Olympics 2016: IAAF 'Will Uphold Russia Athlete Ban'

A general view of medical vials and syringes.
A general view of medical vials and syringes, Melbourne, Australia, February 21, 2013. Russia's athletics ban for systemic doping is expected to be upheld by the IAAF and could mean Russia missing the Olympics. Robert Cianflone/Getty

Russia's chances of competing in the Rio de Janeiro Olympic Games were dealt another significant blow on Friday, after the International Association of Athletics Federations (IAAF) was expected to uphold a ban on its athletes.

The country had been tasked with an overhaul of its anti-doping procedures after a World Anti-Doping Agency (WADA) report published in November 2015 found systematic state-sponsored cheating and corruption. ARAF, the All-Russia Athletics Federation, was then banned from all athletic competition and that has remained in force ever since.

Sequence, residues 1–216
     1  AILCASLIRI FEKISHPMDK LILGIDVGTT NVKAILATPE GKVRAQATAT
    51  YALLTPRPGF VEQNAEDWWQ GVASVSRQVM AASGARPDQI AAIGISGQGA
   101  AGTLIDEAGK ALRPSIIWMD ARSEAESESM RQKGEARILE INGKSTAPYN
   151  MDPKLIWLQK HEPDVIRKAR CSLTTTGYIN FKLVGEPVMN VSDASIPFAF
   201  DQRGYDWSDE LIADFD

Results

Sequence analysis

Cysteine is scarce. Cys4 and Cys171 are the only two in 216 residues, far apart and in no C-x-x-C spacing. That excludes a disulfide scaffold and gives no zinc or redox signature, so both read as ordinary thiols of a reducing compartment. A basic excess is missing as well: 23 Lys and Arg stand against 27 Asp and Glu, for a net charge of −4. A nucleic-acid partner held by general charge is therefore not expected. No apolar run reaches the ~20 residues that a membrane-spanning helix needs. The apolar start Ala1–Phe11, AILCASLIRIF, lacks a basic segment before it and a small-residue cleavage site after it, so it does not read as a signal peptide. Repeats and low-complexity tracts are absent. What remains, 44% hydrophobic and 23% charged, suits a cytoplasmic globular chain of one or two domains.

RUSADA, the Russian Anti Doping Agency, has received help from U.K. Anti-Doping (UKAD), its counterpart in this country, in attempting to establish a transparent and functioning testing system.

But a damning new report from WADA, published on Thursday, found significant obstructions still in place to drug testing in Russia, including 736 tests that were "declined or cancelled."

And The Guardian reports that the IAAF has concluded Russia has not met the criteria set out in November for Russia to re-enter athletic competition.

That is not the end of the saga, though, as the International Olympic Committee (IOC) meets on Tuesday to decide upon which athletes can go to the Rio Games, which begin on August 5.

It can choose to ratify the IAAF's decision, but there remains the possibility that a compromise could be reached, whereby Russian athletes who can demonstrate their cleanliness will be allowed to compete in Rio.

Should the IOC uphold the IAAF's decision completely, then Russian athletes can and in all likelihood will appeal to CAS, the Court of Arbitration for Sport, in order to get their individual bans overturned to enable them to compete.